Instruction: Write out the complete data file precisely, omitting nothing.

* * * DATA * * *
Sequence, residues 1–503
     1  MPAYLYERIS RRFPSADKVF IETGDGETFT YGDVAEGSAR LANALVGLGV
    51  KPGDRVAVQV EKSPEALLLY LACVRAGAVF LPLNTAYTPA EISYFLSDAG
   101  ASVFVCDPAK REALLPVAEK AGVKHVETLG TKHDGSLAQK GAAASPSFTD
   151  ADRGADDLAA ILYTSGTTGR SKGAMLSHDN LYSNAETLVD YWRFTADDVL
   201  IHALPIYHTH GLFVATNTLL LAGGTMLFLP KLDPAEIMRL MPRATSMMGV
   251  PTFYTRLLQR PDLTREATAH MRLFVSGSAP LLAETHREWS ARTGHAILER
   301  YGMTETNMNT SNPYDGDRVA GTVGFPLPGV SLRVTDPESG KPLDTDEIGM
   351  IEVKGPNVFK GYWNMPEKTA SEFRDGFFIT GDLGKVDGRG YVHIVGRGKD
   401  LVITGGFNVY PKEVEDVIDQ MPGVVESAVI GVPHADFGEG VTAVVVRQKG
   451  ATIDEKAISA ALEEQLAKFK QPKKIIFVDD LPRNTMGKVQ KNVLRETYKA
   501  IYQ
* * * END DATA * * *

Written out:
Sequence, residues 1–503
     1  MPAYLYERIS RRFPSADKVF IETGDGETFT YGDVAEGSAR LANALVGLGV
    51  KPGDRVAVQV EKSPEALLLY LACVRAGAVF LPLNTAYTPA EISYFLSDAG
   101  ASVFVCDPAK REALLPVAEK AGVKHVETLG TKHDGSLAQK GAAASPSFTD
   151  ADRGADDLAA ILYTSGTTGR SKGAMLSHDN LYSNAETLVD YWRFTADDVL
   201  IHALPIYHTH GLFVATNTLL LAGGTMLFLP KLDPAEIMRL MPRATSMMGV
   251  PTFYTRLLQR PDLTREATAH MRLFVSGSAP LLAETHREWS ARTGHAILER
   301  YGMTETNMNT SNPYDGDRVA GTVGFPLPGV SLRVTDPESG KPLDTDEIGM
   351  IEVKGPNVFK GYWNMPEKTA SEFRDGFFIT GDLGKVDGRG YVHIVGRGKD
   401  LVITGGFNVY PKEVEDVIDQ MPGVVESAVI GVPHADFGEG VTAVVVRQKG
   451  ATIDEKAISA ALEEQLAKFK QPKKIIFVDD LPRNTMGKVQ KNVLRETYKA
   501  IYQ